Ready in 5 hours
A very traditional Scottish pudding now, sadly, dying out. People don't take the trouble any more, which is sad.
This is a really delicious (if substantial) treat.
1. Sift the flour, bicarbonate of soda, spices and salt into a bowl and stir in the sugar, suet, dried fruits, and the grated carrot or apple.
2. Mix the black treacle with the egg and some of the buttermilk and mix into the dry ingredients to give soft mixture with a cake-like dropping consistency.
3. Dip a large piece of muslin, an old pillowcase, a pudding cloth or a tea towel into boiling water, remove it and squeeze out the excess water. Lay it out on a surface and sprinkle a 30cm/12in circle in the centre with the 25g/1oz of flour and the 1 tbsp of caster sugar. Spoon pudding mixture on top and tie securely with string, leaving a little room for the pudding to expand.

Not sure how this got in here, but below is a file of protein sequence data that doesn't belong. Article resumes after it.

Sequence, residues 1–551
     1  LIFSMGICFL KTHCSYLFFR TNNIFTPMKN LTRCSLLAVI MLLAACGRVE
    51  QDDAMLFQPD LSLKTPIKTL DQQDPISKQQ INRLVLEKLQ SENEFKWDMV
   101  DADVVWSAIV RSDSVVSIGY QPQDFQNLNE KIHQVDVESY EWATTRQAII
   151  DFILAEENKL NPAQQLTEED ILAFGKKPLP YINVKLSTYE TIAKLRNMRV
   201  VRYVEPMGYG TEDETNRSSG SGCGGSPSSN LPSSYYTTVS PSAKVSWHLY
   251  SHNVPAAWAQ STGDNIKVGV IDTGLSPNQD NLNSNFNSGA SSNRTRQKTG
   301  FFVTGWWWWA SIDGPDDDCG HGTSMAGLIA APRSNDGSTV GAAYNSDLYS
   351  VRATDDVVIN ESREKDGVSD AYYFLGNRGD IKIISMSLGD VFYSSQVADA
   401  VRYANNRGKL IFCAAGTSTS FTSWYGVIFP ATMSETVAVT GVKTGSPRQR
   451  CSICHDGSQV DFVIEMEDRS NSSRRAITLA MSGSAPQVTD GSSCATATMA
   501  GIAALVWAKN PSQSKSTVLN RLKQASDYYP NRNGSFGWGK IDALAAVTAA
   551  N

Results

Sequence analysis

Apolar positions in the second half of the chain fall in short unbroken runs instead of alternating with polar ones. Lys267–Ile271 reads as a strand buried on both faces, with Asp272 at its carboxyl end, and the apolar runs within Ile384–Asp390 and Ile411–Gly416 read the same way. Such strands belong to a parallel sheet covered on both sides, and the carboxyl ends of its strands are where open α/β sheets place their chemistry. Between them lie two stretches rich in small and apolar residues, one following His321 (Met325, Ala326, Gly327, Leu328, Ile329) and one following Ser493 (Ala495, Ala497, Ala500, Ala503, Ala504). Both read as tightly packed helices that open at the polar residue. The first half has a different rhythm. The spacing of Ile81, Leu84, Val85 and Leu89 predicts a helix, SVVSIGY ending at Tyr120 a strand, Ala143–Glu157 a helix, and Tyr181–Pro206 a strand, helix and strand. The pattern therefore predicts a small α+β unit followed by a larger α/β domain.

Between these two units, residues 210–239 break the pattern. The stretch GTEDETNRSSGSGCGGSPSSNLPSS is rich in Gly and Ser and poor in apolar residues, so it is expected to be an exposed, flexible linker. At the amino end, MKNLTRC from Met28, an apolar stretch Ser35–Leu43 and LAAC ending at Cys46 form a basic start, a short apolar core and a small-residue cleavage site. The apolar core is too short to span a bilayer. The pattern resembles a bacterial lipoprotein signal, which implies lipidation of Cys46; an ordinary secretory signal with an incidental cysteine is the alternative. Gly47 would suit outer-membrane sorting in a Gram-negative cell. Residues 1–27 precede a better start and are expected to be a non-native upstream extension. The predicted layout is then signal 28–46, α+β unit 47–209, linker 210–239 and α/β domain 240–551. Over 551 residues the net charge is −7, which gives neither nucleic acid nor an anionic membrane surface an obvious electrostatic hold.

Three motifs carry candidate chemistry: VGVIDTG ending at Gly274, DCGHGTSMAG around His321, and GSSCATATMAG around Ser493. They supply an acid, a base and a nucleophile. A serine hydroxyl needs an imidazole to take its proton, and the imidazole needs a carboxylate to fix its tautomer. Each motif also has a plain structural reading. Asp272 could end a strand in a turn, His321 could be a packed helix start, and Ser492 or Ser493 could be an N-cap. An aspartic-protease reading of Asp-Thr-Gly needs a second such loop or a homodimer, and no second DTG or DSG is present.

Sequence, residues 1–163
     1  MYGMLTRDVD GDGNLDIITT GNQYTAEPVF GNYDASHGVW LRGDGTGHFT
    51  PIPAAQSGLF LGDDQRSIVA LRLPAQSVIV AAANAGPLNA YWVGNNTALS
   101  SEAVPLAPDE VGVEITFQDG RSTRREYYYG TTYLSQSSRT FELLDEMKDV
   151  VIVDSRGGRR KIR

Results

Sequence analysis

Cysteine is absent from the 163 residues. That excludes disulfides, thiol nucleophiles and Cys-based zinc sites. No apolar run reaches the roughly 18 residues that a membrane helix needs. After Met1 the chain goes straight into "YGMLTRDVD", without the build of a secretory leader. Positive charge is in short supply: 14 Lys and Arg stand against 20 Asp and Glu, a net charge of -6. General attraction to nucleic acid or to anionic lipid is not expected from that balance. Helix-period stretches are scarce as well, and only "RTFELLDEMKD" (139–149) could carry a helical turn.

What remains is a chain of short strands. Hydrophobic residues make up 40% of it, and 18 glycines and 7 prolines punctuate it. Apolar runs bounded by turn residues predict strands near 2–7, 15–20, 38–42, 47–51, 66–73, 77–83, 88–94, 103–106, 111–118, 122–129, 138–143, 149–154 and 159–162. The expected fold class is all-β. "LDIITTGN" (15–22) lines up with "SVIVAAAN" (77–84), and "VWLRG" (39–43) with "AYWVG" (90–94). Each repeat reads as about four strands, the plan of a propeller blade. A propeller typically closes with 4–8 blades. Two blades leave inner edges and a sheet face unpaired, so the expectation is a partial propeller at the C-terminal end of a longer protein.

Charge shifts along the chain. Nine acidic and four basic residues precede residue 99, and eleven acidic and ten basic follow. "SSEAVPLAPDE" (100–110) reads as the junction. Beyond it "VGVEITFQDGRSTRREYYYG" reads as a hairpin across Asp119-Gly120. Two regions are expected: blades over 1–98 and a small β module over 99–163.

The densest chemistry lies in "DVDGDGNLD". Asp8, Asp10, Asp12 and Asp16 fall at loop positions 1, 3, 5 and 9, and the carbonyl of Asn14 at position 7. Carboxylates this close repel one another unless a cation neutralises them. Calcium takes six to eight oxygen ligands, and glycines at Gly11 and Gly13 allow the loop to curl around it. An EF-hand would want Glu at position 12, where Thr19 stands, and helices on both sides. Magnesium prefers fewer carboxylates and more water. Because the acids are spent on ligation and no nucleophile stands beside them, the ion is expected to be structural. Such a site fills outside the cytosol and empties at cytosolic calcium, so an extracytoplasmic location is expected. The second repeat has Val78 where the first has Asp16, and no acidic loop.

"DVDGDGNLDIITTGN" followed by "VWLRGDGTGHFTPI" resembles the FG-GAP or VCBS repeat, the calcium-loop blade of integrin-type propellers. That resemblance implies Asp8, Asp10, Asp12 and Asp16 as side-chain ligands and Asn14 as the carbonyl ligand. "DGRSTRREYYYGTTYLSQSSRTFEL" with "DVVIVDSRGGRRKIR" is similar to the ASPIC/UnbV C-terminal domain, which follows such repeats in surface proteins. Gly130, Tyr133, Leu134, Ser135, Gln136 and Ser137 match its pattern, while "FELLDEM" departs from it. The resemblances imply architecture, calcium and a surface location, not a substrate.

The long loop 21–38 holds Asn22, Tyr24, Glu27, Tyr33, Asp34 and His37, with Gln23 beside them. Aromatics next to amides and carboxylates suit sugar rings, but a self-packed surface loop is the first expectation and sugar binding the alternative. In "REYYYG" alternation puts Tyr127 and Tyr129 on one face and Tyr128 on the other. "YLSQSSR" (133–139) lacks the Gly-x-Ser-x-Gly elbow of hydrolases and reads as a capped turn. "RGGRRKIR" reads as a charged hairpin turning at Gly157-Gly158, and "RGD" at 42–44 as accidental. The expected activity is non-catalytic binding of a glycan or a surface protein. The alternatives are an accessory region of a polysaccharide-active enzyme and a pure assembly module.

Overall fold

4. Rest a large heatproof trivet or container in the base of a large pan so that the pudding is not in direct contact with the heat. Place the pudding on the trivet/container, knotted side up. Pour in enough water almost to cover the pudding, cover with a tight-fitting lid and simmer gently for 3-4 hours. Take a peek every now and then to check the water level and top it up if necessary.
5. Preheat the oven to 180C/350F/Gas 4. Lift the pudding out of the pan and dip it briefly in a bowl of cold water (to ensure that the outside of the pudding does not stick to an ovenproof serving plate). Then remove the cloth and place the pudding on an ovenproof dish/plate. Slide it into the oven and leave it for 15 minutes until the outside of the pudding has dried off.
6. Serve in chunky wedges with scoops of clotted cream and perhaps a small glass of whisky
In old Scots, a 'cloot' was a cloth and referes to the cloth in which the pudding is cooked. And, instead of being put into the oven to dry, the pudding would be sat on a plate in front of the open fire and rotated from time to time. As kids we used to fight over the 'skin'
danpa 5y agoIn old Scots, a 'cloot' was a cloth and referes to the cloth in which the pudding is cooked. And, instead of being put into the oven to dry, the pudding would be sat on a plate in front of the open fire and rotated from time to time. As kids we used to fight over the 'skin' [I posted this recipe.]